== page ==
Document Initiated Global Human Rights Movement
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NEW YORK – In anticipation of the 60th anniversary of the Universal Declaration of Human Rights (UDHR), the American Civil Liberties Union today announced the launch of "Dignity Begins at Home," a new campaign to celebrate the document that is the cornerstone of the modern human rights system. Despite the United States' involvement in drafting the UDHR and supposed support of the document, it has failed to honor its commitments under the UDHR, especially within U.S. borders.
"The Universal Declaration of Human Rights was the first document to recognize the inherent dignity and inalienable rights of all people in the world," said Jamil Dakwar, Director of the ACLU Human Rights Program. "If the United States wishes to claim the high moral ground and assert leadership on the issue of human rights, it can't just talk the talk; it must also walk the walk and take its human rights commitments more seriously at home and abroad."
As part of the "Dignity Begins at Home" campaign, the ACLU has launched a new website, www.udhr60.com. The website contains information about the UDHR and a petition calling on the U.S. government and the next president to recommit to the Declaration.
In addition, the ACLU is holding a video contest for youth. Contestants between the ages of 16 and 23 years old are asked to submit an original short video about an article in the UDHR. The winner will be flown to New York City to attend the U.N. General Assembly session celebrating the anniversary on December 10, 2008. The winning video will be featured on YouTube and www.udhr60.com.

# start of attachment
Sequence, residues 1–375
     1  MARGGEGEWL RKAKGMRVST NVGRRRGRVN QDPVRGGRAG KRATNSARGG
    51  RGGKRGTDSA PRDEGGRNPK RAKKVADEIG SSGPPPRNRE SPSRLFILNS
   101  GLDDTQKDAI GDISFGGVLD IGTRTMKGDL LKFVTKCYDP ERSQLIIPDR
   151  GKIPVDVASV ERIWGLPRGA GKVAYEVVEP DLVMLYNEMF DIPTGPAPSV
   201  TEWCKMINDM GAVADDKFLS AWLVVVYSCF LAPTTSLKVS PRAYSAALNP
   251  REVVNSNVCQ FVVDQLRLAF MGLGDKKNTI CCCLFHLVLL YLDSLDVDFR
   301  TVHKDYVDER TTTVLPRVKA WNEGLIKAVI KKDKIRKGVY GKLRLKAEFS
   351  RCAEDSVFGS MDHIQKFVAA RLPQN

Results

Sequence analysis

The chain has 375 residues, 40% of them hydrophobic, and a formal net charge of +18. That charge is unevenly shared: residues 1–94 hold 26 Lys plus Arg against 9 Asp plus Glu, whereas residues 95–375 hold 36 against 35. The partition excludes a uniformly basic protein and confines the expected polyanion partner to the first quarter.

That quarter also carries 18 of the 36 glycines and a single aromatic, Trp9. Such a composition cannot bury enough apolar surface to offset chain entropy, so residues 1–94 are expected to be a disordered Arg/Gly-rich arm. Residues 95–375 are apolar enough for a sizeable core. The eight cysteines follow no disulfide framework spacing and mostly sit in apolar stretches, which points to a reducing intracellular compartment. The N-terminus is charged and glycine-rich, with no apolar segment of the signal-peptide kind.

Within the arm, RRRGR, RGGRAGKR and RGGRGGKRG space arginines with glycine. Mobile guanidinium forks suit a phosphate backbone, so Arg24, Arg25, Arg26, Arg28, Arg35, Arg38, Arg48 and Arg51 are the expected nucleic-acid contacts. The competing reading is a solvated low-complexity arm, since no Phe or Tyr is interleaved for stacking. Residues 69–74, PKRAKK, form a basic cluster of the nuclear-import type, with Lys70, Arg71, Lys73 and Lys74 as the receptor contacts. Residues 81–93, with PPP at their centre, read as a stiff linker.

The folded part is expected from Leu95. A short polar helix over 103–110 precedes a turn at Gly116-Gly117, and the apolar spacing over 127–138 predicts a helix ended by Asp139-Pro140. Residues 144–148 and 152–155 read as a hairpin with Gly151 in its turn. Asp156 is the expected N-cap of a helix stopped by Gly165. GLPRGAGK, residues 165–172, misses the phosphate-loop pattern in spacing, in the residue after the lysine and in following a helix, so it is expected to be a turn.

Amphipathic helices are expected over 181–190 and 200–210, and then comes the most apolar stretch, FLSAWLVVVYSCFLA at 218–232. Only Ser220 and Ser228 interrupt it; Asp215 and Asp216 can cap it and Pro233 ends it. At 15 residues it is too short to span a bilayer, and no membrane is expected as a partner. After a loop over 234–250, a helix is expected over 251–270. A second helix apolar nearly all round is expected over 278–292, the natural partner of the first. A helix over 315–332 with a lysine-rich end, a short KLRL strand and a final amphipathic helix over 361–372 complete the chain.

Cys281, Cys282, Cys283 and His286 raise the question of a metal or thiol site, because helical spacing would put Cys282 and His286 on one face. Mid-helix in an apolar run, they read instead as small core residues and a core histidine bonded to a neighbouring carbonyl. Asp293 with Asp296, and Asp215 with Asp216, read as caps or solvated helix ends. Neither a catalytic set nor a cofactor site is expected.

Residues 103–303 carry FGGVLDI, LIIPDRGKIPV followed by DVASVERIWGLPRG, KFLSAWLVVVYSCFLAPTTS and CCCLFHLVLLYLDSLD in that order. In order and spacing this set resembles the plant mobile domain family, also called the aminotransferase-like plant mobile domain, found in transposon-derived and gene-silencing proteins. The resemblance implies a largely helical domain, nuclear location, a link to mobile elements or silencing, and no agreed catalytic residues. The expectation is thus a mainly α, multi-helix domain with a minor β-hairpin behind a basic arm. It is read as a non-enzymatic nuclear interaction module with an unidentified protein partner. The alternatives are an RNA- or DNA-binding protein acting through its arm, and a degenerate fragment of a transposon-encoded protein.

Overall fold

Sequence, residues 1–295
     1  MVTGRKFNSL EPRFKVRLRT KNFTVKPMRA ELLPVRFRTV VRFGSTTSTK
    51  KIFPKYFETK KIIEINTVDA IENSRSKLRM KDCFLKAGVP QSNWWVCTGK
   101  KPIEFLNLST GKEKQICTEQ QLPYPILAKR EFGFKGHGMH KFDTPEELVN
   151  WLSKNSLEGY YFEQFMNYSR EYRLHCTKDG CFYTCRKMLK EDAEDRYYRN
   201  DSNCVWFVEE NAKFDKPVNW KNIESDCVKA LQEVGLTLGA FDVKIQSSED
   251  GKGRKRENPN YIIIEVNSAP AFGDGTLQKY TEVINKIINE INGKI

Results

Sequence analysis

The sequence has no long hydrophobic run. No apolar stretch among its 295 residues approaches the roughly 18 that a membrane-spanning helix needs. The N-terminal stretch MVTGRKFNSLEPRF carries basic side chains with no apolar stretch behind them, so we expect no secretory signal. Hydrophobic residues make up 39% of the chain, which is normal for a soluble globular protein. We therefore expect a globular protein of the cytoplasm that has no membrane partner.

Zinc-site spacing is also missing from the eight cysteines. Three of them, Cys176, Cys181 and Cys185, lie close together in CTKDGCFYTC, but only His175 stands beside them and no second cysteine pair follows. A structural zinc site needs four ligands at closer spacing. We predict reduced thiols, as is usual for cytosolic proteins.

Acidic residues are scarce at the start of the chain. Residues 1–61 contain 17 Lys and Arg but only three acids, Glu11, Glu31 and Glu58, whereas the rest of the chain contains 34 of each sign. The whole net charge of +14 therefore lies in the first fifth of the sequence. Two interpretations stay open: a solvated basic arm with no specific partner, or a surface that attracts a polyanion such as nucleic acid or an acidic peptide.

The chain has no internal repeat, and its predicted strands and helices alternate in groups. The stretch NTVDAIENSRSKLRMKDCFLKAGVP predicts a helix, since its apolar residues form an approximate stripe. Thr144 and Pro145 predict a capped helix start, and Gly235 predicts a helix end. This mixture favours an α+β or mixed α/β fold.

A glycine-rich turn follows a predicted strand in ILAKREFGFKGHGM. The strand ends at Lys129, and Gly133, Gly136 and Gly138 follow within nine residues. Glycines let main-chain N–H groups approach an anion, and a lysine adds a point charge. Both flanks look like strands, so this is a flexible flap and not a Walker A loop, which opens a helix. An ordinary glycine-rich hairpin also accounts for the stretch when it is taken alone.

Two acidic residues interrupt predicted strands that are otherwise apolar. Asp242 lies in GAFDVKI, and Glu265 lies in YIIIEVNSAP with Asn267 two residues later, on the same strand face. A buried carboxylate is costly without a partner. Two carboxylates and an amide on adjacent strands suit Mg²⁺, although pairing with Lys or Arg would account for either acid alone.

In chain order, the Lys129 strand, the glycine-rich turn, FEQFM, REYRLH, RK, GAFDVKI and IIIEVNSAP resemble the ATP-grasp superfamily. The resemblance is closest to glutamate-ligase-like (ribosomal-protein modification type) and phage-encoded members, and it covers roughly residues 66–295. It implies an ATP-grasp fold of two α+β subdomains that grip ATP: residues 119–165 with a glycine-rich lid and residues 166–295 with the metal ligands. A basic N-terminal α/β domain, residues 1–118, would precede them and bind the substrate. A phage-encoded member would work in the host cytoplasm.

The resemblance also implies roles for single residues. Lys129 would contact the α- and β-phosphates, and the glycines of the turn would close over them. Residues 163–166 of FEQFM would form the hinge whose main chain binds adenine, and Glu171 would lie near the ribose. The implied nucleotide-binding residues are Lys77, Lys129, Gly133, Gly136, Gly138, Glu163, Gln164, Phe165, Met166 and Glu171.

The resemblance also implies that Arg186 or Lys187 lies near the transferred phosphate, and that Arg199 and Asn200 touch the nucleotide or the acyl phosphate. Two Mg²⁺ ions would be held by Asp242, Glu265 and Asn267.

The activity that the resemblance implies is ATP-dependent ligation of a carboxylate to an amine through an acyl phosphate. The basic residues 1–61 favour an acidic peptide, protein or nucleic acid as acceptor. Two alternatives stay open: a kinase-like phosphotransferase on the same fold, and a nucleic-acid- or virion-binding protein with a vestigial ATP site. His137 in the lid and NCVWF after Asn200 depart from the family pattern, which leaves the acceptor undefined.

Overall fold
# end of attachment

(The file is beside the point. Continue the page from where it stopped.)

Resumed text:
"Our goal is to ensure that the principles of the Universal Declaration of Human Rights are recognized and enforced in the United States," said Dakwar. "The struggle for universal human rights is far from over, and the next administration can lead by example by renewing the U.S. commitment to dignity for all here at home."
Adopted by the United Nations on December 10, 1948, the UDHR details the basic rights and protections guaranteed to all people, regardless of "race, color, sex, language, religion, political or other opinion, national or social origin, property, birth or other status." The UDHR was drafted in the aftermath of World War II in reaction to the mass targeting and killing of people because of their race, religion, sexuality and opinions. Eleanor Roosevelt chaired the U.N. Commission on Human Rights, which drafted the declaration.
More information about the "Dignity Begins at Home" campaign, including the ACLU's video contest and a history of the UDHR, can be found online at: www.udhr60.org